• Pre-independence, the Public Gambling Act, 1867 prohibited gambling, wagering, and betting on games whose outcome depended upon an element of chance. Staking money on horse racing, and games of ‘mere skill’ involving money, were excluded from the scope of the Judicial interpretations adopted the predominance test to assess whether a game is a game of ‘mere skill’. Thus, games that may have an element of chance but predominantly involved skill were excluded from the prohibition under the Public Gambling Act. The rationale behind this test is that a pure game of chance is entirely passive with the participant not having any control or having little determinative control in maximizing their expectation of success. On the other hand, games which require a predominant degree of skill, involving the use of strategic thinking, analysis of gameplay, accounting for rules of the game, time constraints, etc., fell in the category of permissible games of skill.
  • After India gained independence, it followed a federal structure and gambling activities became the subject of State laws. Consequently, the position of the law on exemption to gambling laws varies across states. Barring six (6) states, all States and Union Territories in India have adopted the same principles as enshrined in the Public Gambling Act, 1867, as a part of their local laws. What this means is that in all these states, games of mere skill involving money can be Two (2) states – Sikkim and Nagaland – have legalized betting, wagering and gambling as well, through strict licensing regimes. The State of Goa also has casinos but those are on territorial waters and not on land. On the other hand, four (4) states – Orissa, Assam, Telangana and Andhra Pradesh – have gone the other extreme and prohibited games of mere skill if they involve any form of real money. Thus, in these four (4) states, only free online games of mere skill are permitted, and not their paid versions.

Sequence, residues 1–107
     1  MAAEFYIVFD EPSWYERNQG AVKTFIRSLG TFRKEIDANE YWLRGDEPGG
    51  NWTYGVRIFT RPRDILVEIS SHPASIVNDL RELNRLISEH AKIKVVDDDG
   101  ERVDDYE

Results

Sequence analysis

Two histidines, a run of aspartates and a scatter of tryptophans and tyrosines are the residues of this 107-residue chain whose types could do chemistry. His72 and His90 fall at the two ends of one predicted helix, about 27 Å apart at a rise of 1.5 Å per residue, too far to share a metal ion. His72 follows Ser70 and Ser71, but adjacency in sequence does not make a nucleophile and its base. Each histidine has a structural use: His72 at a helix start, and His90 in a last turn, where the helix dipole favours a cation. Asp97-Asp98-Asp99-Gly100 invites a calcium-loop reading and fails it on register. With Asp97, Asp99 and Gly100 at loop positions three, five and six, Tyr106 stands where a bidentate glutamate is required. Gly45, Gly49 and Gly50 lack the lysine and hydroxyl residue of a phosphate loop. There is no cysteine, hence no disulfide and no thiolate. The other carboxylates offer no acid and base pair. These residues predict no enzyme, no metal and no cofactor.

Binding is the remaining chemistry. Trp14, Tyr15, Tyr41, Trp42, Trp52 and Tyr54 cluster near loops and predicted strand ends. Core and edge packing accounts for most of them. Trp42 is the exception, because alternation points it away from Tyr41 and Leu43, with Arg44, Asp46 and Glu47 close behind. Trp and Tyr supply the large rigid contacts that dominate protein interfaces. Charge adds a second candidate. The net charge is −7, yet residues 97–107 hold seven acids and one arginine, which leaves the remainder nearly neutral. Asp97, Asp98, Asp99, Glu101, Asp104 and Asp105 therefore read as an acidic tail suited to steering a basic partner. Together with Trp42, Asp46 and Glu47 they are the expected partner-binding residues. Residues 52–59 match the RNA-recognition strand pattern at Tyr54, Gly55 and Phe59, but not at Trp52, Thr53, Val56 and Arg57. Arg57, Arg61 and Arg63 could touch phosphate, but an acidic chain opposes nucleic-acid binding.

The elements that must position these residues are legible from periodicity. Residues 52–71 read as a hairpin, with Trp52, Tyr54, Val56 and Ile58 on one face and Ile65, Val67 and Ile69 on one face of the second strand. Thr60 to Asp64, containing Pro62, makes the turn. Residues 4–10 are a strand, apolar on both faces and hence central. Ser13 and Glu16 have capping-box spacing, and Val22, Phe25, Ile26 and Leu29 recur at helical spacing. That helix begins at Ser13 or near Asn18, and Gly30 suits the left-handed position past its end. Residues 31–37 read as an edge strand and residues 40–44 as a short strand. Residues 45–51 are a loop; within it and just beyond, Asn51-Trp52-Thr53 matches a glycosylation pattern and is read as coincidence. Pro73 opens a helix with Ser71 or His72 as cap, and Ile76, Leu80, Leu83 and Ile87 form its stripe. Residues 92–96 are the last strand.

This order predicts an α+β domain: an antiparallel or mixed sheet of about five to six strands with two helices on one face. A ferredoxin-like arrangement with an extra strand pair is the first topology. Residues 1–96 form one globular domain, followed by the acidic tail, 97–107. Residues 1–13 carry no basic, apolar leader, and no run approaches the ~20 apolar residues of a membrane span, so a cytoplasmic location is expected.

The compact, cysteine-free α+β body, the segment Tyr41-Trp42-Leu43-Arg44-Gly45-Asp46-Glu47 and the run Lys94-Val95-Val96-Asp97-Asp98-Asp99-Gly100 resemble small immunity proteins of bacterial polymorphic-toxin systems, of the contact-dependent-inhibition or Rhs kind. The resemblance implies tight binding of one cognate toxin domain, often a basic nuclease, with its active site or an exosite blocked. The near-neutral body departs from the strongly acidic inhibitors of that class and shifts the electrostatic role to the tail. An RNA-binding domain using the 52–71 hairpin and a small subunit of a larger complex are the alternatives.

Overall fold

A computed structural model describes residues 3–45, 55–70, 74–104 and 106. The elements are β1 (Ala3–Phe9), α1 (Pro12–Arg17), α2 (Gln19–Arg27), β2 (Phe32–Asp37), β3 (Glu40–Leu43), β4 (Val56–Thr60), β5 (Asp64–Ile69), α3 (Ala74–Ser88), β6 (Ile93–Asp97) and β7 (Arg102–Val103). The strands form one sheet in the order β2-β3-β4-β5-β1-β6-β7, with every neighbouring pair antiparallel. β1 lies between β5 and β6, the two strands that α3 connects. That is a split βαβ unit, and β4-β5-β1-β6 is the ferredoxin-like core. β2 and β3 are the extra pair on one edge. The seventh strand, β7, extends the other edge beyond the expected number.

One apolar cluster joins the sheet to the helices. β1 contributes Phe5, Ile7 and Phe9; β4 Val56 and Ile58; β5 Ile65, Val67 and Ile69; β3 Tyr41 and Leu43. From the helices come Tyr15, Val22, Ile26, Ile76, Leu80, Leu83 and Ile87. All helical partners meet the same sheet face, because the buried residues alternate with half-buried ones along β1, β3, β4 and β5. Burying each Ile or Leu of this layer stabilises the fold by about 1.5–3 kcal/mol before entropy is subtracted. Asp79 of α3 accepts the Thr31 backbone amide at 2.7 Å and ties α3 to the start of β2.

• Judicial attention has mostly focused on whether an online game falls within the prohibition or exemption under these gambling Till now, litigations have revolved around assessing that card games such as Rummy and Poker, and online fantasy gaming platforms like Dream11 and MPL, are games of mere skill. The online gameplay of Poker and Rummy has also been held to be legal by various High Courts. However, in context of the specific state legislations categorizing online Rummy and Poker to be prohibited games of chance, the issue is currently pending before the Supreme Court of India.
  • RMG online games in India is thus understood in this context – as involving games of mere skill where real money is involved as a Lobbying efforts to legitimize such RMG games of mere skill led to the introduction of the Online Gaming Intermediary Rules (OGI Rules) under the Information Technology (Intermediary Guidelines and Digital Media Ethics Code) Rules 2021, administered by the Ministry of Electronics and Information Technology. More about this is discussed in Part V(a).

(b) Prohibited advertisement versus legitimate brand extension

  • Advertisements of products or services that are otherwise prohibited from being produced, sold, or provided under any law in force in India is barred under the Guidelines for Prevention of Misleading Advertisements and Endorsements for Misleading Advertisements, 2022 framed by the Central Consumer Protection Authority (CCPA) under the Consumer Protection Act, 2019. Notably, these Guidelines apply agnostic of the medium of dissemination of the advertisement. Violations could lead to stringent actions against the manufacturers, advertisers, publishers, intermediaries, social media platforms, celebrities, influencers, endorsers, and other relevant stakeholders. This includes penalties ranging up to USD 13,300 along with imprisonment for up to two years and up to USD 60,000 for repeated contravention along with imprisonment for up to five years.
  • However, these Guidelines permit the mere use of a brand name or company name which may also be applied to goods, product or service whose advertising is prohibited or restricted, if such advertisement is not otherwise objectionable as per the provisions set out in these guidelines.